Sharpening in Photoshop Part Two
In the first part, I showed how to sharpen an image using high pass filter. In this part, I will be demonstrating how to sharpen an image using smart sharp in Photoshop. Smart Sharp gives more control over sharpening an image such as sharpening in highlighted or shadowed areas. It also has three types of modes to choose from which you can select depending on what situation you are attempting to sharpen.
To understand what all the sliders do, a brief description of each one.
- Amount – Sets strength of sharpening. A higher percentage results in an increase of contrast between edge pixels resulting in improved sharpness.
- Radius – This affects pixels surrounding edge pixels affected by the sharpening effect. The higher the radius, the more effect it has on the edge.
- Reduce Noise – Reduces noise of affected sharpness. This is only available for Photoshop CC users.
- Remove – Three types of sharpening algorithms. Choose the type that is relevant to what you aim to do.
- Gaussian Blur – Similar to using Unsharp Mask.
- Lens Blur – An improved algorithm to give more exceptional sharpening & reduce halo.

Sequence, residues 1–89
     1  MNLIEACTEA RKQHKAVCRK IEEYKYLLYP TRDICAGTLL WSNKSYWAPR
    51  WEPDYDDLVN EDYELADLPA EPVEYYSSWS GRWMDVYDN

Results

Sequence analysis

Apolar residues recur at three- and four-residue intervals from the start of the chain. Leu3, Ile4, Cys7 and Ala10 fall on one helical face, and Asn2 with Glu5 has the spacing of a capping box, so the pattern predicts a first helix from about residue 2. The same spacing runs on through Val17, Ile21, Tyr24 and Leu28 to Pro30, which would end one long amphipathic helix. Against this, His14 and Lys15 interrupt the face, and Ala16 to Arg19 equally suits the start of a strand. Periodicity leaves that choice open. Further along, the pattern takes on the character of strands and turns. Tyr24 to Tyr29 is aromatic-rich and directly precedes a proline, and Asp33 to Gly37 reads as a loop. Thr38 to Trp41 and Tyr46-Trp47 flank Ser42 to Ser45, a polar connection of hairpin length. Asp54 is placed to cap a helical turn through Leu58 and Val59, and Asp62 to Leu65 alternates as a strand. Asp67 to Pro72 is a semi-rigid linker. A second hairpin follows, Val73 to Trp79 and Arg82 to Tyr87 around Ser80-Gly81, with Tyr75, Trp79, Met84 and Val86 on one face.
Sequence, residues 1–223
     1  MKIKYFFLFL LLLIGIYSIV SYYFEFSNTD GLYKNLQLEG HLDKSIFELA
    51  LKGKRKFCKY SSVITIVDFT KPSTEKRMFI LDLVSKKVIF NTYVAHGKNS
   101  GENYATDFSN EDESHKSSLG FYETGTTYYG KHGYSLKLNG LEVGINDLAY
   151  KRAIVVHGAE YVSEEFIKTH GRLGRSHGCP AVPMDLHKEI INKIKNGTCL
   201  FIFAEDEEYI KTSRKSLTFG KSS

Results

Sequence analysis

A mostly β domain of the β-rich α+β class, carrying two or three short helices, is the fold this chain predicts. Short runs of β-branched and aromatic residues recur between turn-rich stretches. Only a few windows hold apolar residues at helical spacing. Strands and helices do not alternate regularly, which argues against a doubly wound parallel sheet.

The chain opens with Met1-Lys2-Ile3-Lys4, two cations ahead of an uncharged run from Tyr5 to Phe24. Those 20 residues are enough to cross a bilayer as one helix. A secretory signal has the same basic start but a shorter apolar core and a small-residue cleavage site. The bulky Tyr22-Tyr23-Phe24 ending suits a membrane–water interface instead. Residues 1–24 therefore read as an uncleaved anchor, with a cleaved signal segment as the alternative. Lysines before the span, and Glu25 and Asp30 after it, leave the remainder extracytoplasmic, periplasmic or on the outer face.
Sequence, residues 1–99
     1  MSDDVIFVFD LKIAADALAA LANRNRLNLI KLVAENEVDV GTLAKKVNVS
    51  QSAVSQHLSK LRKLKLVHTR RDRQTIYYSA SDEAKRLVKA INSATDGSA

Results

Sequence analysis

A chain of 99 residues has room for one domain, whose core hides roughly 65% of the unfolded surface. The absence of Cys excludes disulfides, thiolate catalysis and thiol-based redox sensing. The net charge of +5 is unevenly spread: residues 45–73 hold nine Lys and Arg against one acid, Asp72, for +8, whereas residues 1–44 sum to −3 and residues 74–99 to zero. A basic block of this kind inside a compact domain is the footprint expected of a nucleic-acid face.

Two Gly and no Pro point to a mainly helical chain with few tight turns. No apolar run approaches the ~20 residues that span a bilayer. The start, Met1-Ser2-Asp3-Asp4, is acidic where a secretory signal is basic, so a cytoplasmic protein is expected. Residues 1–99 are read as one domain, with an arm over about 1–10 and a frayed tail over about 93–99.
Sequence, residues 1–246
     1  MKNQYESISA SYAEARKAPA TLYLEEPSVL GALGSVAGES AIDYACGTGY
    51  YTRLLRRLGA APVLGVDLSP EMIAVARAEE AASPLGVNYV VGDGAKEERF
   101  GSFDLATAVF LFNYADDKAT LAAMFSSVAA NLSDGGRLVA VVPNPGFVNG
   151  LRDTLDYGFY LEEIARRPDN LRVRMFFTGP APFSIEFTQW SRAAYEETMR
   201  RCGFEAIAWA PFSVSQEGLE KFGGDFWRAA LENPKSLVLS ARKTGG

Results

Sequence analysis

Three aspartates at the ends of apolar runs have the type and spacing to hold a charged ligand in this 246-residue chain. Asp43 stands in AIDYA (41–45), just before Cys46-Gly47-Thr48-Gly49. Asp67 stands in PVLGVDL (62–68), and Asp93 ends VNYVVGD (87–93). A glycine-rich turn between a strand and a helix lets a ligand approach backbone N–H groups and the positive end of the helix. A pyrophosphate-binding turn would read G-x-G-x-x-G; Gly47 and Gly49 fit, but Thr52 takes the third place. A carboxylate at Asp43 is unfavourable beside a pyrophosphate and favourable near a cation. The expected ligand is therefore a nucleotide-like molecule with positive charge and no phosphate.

- Motion Blur – Reduces motion blur.
- Angle – Used for motion blur to help reduce effects of any blurring.
For shadows & highlights, there are three identical sliders.
- Fade Amount – Adjusts the strength of sharpening.
- Tonal Width – Adjust tonal control.
- Radius – Adjusts area size around pixels. Sliding more to the right increases radius.
Create Smart Object for Smart Sharp
Before beginning to use the tool, it would be best to create a smart object.
- Make sure you have selected a correct layer for editing.
- Press Ctrl + J to make a layered copy or right click layer & select duplicate.
- Right-click duplicate layer then select convert to smart object.
Making Adjustments with Smart Sharp
Make sure you have the smart layer selected, then open up smart sharpen by going to Filter > Sharpen > Smart Sharp.
First, we are going to select the type of sharpening. I will use lens blur if not selected already, then slide the required amount.
Next select radius. This is quite a dominant part of smart sharp so setting a very low amount will be enough.
Next is to reduce noise. A maximum amount of 20% is recommended before an image appears too soft.
For shadows & highlights, I applied only a small amount of fade. Adjust accordingly depending on the type of image you use.
With all adjustments made, click ok & wait. This can take a few seconds or a minute depending on the strength of sharpening. If happy with the result then flatten image using Layer > Flatten Image.
- Using High Pass Filter to Sharpen an Image in Photoshop – Sharpening in Photoshop Part One
- Using Unsharp Mask in Photoshop to Sharpen an Image – Sharpening in Photoshop Part Three
- Sharpening Using an Edge Mask in Photoshop – Sharpening in Photoshop Part Four
- Other Ways to Sharpen an Image in Photoshop – Sharpening in Photoshop Part Five